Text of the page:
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Road Trip: Oregon’s Scenic Route 101
Oregon’s stretch of the legendary U.S. Highway 101 offers a stunning drive filled with plenty of interesting and breathtaking sights as it hugs the coastline for over 300 miles. The amount of time it will take you to drive the Oregon Coast Highway is up to you because you’ll want to stop plenty of times along the way. Here are some of the top points of interest to put on your itinerary:
This state park offers beach access, hiking trails and picnic areas, but the real highlights are the tours of the Cape Blanco Lighthouse, which occupies the westernmost point in Oregon, and the historic Hughes House, a restored Victorian farmhouse built in 1898. Tours of the lighthouse cost $2.00 for adults, and Hughes House tours are free, but donations are gratefully accepted to help fund restoration and maintenance of this historic home.
Imagine 40 miles of windswept sand dunes, some towering as high as 500 feet. That’s what you’ll find at this recreation area that is popular with Off Highway Vehicle (OHV) enthusiasts.
In addition to the dunes, the area offers “tree islands,” beaches, hiking, paddling, picnicking and wildlife viewing, including excellent birding opportunities.
To find a picture-perfect example of a historic lighthouse, look no further than the Heceta Head Lighthouse which, after an extensive renovation project, has been restored to the way it looked when it first went into service in 1894. This working lighthouse beams 21 miles out to sea and is the brightest light on the Oregon coast. Many believe it is one of the most beautiful lighthouses in the world and it is also one of the most photographed. Docents offer guided tours of the Keeper’s House during the summer months. Both the lighthouse and the Keeper’s House are listed on the National Register of Historic Places. Photo credit Curt Peters of Digital Dunes Photography in Florence, Oregon.
One of the state’s top tourist attractions, Oregon Coast Aquarium is a world-class marine education center that occupies 23 acres on Yaquina Bay. Now in its 25th year, the aquarium is dedicated to creating unique and engaging experiences that connect visitors to the Oregon Coast and inspire ocean conservation. It is ranked as one of the top 10 aquariums in the U.S. and also plays an active role in conservation and animal rehabilitation efforts.
The museum showcases Oregon's summer resident gray whales, and contains a whale, dolphin and porpoise room; a shark room, a tropical ocean room, an intertidal display with common and worldwide invertebrates, a seal, sea lion and sea otter room; a seabird and shorebird room and a theater room. The admission price of $5.00 for adults and $3.00 for children ages 3-12 can be applied toward a whale watching eco excursion with marine biologist Carrie Newell.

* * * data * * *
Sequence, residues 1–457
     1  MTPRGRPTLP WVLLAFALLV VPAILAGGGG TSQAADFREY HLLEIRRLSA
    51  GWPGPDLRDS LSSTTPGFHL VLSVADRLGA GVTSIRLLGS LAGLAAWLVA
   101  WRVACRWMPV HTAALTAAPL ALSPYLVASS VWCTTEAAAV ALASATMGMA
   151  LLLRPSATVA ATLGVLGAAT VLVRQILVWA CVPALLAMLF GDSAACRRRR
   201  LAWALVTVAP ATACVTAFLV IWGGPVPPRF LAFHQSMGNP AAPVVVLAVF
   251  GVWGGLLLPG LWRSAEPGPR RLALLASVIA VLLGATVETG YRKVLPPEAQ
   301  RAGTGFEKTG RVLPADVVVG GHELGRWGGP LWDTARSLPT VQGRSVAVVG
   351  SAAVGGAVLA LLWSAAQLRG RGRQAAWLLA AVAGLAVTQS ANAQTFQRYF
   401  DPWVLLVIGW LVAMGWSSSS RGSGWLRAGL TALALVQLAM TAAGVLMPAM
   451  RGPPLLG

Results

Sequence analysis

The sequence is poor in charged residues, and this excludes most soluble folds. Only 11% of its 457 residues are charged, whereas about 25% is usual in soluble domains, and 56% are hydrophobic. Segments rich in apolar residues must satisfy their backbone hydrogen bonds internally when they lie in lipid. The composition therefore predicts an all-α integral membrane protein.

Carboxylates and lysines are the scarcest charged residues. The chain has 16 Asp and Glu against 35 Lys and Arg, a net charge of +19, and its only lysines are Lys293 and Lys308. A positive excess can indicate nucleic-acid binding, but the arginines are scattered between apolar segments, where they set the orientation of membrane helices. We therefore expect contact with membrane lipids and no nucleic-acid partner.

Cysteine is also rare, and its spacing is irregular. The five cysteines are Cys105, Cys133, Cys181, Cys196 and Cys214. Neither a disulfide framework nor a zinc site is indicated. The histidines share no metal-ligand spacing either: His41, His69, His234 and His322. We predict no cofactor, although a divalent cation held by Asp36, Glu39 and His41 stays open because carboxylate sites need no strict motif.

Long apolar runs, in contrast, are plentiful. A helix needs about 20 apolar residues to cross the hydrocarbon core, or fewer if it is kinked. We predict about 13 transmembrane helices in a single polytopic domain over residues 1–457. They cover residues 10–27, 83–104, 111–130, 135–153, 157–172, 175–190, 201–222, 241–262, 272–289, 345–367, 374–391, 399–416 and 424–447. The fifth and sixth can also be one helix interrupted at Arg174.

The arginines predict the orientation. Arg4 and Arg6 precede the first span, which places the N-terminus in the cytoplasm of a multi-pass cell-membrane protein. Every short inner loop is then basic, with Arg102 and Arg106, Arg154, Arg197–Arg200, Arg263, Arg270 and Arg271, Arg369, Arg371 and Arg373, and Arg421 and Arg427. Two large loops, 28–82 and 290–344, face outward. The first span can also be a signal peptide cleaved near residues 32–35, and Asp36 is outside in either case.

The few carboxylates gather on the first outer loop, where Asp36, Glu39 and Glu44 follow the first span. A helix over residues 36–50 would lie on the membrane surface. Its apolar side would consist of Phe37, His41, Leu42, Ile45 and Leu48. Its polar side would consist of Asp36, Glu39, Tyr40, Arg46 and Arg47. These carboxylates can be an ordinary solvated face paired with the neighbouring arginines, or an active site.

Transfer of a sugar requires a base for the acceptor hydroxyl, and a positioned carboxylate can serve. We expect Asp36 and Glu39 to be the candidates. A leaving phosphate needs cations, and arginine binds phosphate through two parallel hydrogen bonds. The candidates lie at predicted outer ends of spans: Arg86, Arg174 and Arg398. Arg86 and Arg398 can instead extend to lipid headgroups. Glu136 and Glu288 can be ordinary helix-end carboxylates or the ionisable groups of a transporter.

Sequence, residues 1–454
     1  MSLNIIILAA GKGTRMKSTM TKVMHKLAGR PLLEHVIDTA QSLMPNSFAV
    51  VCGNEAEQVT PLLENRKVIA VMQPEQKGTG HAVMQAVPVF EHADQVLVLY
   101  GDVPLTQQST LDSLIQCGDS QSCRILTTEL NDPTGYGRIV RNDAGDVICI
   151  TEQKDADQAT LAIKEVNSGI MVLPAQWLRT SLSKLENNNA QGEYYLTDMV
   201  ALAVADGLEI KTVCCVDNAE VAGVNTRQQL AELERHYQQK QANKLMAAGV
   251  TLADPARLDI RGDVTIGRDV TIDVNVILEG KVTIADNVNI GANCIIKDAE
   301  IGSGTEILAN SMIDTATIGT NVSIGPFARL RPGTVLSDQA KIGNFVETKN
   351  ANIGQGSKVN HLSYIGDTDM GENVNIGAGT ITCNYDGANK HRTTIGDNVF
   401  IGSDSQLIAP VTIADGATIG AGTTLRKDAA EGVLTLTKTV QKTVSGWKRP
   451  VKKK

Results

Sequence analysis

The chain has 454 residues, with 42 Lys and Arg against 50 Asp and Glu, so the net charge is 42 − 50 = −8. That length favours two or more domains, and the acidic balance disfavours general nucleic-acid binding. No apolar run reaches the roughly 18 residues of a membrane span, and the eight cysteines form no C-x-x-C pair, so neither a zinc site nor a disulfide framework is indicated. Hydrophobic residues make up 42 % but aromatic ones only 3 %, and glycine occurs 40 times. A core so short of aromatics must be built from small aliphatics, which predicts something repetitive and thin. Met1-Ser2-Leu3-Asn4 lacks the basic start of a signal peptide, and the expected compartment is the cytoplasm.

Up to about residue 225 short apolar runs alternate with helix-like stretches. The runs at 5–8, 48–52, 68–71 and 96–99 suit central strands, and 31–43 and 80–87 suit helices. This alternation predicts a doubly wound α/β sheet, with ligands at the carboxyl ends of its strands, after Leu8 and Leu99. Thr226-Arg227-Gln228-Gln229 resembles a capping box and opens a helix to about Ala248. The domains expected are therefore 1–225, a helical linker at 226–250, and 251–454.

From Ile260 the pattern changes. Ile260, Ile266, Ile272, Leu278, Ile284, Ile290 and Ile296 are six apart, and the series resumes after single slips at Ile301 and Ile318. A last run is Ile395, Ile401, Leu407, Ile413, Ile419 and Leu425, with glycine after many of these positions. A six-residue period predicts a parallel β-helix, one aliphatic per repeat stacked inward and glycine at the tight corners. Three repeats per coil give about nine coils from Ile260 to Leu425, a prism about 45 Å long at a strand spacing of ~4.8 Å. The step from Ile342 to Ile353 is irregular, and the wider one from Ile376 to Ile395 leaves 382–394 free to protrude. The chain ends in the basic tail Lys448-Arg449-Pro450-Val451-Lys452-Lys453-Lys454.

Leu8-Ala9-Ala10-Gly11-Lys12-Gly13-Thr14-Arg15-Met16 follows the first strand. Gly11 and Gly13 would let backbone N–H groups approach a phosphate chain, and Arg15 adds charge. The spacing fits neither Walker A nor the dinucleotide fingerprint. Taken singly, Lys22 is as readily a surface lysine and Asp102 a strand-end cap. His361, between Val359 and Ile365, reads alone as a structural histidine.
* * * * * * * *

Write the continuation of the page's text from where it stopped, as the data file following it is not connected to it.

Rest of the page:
This scenic spot offers sweeping views from a vantage point over 200 feet above the Pacific, and is the home of one of the largest colonies of nesting sea birds on the continent. Bald eagles are also frequently seen here and peregrine falcons are known to have nested here. The park also offers daily tours of a 1890s lighthouse from April 1 through October 31, and there are over three miles of hiking trails. Whale migrations can be viewed from here in the winter and spring, and during the summer, resident whales, seals and sea lions can also be spotted.
Thanks to dramatic shoreline formations like Haystack Rock. Cannon Beach has been called one of the world’s most beautiful places. This scenic area offers some of the most spectacular viewpoints on the Oregon coast and a visit to nearby Ecola State Park is well worth the $5.00 day use fee. Be sure to visit the quintessential beach town of Cannon Beach with its picturesque walkways, shops, restaurants and galleries.
The Oregon Film Museum is housed in the old Clatsop County Jail, the site of the famous opening jail break scene in the move The Goonies. This unique attraction celebrates the art and legacy of films and filmmaking in the State of Oregon which includes such classics as The Great Race, One Flew Over the Cuckoo’s Nest, Paint Your Wagon, Animal House and Kindergarten Cop. Museum visitors can even re-enact famous scenes in one of three distinct sets, edit their films and have their mug shots taken to add to the museum’s gallery of prisoners.